Greed vs. Good

Martin Niemoller, an activist Lutheran Pastor & Poet in Nazi Germany famously wrote (and I must paraphrase to save space) “First they came for the Socialists and I did not speak out because I am not a Socialist. Then they came for the Trade Unionists and I did not speak out because I am not a Trade Unionist. Then they came for the Jews and I did not speak out because I am not a Jew..” This powerful and poignant commentary on the overreach of a single party government and a self serving, narrow minded, community response, is a strong indictment of selfish, me-first thinking. It dramatically highlights the subtle connectedness of all people. Some say “Love your neighbor as yourself”. Others say ”It takes a village”. But no matter how it is expressed it is quite basic and as critically important today as it ever has been.

The popular campaign slogan to “Make America Great Again” vs. “Make the World A Better Place than it was before I came along”. The persistent cry for tax credits for “me” over health benefits for those less fortunate. The clamor to privatize schools, roads, and infrastructure such as public water systems and other critical public services rather than promoting a shared sense of the value in helping our neighbors and making our communities healthy and more livable. These are all contemporary examples of what Niemoller was expressing. We are putting blinders on. We are becoming a selfish “me first” country. In so doing, we are letting a handful of elected persons strip us of our humanity. We must remember that metaphorically we are all Muslims, we are all Socialists, we are all Jews, we are all Trade Unionists. We are all the Christians that were persecuted by the Romans.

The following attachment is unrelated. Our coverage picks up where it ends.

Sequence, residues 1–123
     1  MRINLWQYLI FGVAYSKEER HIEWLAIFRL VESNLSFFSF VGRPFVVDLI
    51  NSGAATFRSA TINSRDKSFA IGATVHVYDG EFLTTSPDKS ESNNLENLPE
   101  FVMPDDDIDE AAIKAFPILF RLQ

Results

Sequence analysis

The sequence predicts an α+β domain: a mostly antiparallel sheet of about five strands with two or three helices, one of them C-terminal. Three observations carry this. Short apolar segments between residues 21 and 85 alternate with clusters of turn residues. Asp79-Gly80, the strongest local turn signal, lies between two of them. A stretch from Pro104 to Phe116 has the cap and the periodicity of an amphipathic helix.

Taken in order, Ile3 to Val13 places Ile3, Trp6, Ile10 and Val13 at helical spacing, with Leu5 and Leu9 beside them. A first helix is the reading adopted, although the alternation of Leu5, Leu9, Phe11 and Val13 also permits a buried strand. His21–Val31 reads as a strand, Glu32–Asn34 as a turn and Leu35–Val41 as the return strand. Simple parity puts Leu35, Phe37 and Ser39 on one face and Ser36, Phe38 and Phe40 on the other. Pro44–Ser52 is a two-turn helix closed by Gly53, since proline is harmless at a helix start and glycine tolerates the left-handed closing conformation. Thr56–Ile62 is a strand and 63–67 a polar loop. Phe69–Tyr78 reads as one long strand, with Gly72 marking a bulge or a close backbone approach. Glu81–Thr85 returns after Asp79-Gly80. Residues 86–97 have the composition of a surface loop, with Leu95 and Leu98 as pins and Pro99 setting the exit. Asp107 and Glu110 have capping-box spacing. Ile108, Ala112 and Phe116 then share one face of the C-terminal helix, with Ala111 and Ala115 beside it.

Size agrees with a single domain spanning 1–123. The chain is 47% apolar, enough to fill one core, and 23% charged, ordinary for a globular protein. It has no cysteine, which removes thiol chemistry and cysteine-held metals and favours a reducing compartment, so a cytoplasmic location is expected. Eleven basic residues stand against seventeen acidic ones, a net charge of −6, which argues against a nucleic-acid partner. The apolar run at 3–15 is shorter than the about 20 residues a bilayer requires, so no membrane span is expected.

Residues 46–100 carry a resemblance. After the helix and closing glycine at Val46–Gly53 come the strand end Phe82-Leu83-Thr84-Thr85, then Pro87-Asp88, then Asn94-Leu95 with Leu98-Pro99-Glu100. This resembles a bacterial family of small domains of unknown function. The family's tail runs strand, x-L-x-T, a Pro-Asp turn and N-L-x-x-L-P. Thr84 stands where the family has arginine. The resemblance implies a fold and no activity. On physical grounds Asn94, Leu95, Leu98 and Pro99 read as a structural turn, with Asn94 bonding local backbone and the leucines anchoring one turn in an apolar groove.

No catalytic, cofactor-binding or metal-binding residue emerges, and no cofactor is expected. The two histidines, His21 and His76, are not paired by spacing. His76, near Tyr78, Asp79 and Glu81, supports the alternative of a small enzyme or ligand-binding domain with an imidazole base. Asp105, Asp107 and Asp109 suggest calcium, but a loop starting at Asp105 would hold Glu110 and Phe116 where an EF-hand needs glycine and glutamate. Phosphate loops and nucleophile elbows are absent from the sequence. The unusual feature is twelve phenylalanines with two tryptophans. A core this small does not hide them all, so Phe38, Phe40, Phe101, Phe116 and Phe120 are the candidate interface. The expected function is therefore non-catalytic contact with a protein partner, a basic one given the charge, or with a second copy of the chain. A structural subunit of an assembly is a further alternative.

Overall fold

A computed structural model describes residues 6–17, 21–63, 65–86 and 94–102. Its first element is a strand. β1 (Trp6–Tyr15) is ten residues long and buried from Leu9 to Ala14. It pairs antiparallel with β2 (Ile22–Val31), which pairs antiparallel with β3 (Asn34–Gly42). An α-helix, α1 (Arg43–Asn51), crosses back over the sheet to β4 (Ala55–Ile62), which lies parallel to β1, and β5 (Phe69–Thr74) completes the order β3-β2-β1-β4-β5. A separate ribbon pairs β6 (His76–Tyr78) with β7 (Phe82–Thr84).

When we think that policy actions only happen to others and that if we get what we need everything will be OK, or voting with extreme self interest  over what is best for the community and for the country –- these practices will catch up to us.

I am concerned, as you can tell. I see a tendency among my fellow Americans to narrow their world view to their pocket book. Greed is never good. Only thinking about how I am affected is short sighted and selfish. We are all in this boat together. We all need to pull on the oars. We all need to reach out to our neighbors and make sure that they are as healthy and strong as they can be. Making our neighbors strong makes our communities and our country stronger. We all benefit. If we can’t do that for others, why should they do that for us when we experience catastrophic episodes in our lives?

Niemoller ends his poem by writing “… then they came for me — and there was no one left to speak for me”. Is that the kind of country we are becoming?

Published by Door County Advocate on Saturday,  July 8, 2017
by Mike Brodd